The success of food in visual culture can be attributed to its tangible communicative power. We see and experience the colors and textures of food daily, all evocative elements of memories that we have been collecting forever. In conclusion, we can only wonder which will be the next fruit to receive all this attention, already dedicated to tomatoes and pomegranates, even before avocados and bananas.

Has food truly conquered us?
Has food truly conquered us?
Has food truly conquered us?
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Michel Haddi beyond the fashion shots

Michel Haddi beyond the fashion shots

Anna Frattini · 2 months ago · Photography

29 ARTS IN PROGRESS recently showcased Michel Haddi: Beyond Fashion, a photographic exhibition dedicated to the Franco-Algerian photographer, marking his first solo exhibition in Milan. Starting from January 16, the second chapter of this exhibition opens, featuring unconventional shots infused with a street and urban soul. Additionally, there are elements of irony and sensuality that highlight Haddi’s complex personality.

michel haddi
© Michel Haddi – Debbie Harry, British Vogue, London, 1994 | Courtesy of 29 ARTS IN PROGRESS gallery

In this second chapter, nude shots and unpublished works by Michel Haddi are presented, stemming from advertising campaigns he personally captured. The displayed photographs capture the spirit of their time, thanks to influential figures such as John Galliano or Patsy Kensit, who have played pivotal roles in the realms of fashion, cinema, and music.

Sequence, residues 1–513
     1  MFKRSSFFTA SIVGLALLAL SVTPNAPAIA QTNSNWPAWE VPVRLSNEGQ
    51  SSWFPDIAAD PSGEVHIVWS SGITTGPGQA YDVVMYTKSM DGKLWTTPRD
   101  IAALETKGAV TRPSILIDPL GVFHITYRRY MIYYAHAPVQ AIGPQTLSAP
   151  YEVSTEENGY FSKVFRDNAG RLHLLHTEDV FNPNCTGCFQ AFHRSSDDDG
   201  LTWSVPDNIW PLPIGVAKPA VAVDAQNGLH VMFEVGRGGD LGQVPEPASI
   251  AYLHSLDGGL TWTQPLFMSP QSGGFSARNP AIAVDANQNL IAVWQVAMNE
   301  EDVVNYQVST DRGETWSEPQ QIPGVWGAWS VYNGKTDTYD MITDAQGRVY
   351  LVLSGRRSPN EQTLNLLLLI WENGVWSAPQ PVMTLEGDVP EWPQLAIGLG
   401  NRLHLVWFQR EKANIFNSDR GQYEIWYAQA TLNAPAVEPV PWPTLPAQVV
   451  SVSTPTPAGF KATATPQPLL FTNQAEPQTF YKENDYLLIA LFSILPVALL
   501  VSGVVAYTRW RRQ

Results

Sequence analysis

Michel Haddi has the ability to portray his subjects with both irony and depth, and each of his shots tells a unique story. His life, marked by a turbulent start, has nevertheless propelled him to become one of the leading fashion photographers from the 1990s to the present day.

Michel Haddi beyond the fashion shots
Michel Haddi beyond the fashion shots
Michel Haddi beyond the fashion shots
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Joel Meyerowitz is the master of color photography

Joel Meyerowitz is the master of color photography Contributors · 1 month ago · Photography

A few weeks ago, the Huxley-Parlour gallery in London announced the new exhibition by Joel Meyerowitz, which opened on January 17th. We couldn’t help but talk about him, the American photographer born in New York in 1938, famous for his street photography, and recognized as one of the pioneers of color photography. The London exhibition, titled “Dialogues,” highlights this aspect effectively. Pairs of photographs engage in a dialogue concerning light, color, and composition. The pairings are chosen to investigate the development of color in the artist’s work, set within non-hierarchical and unresolved compositions.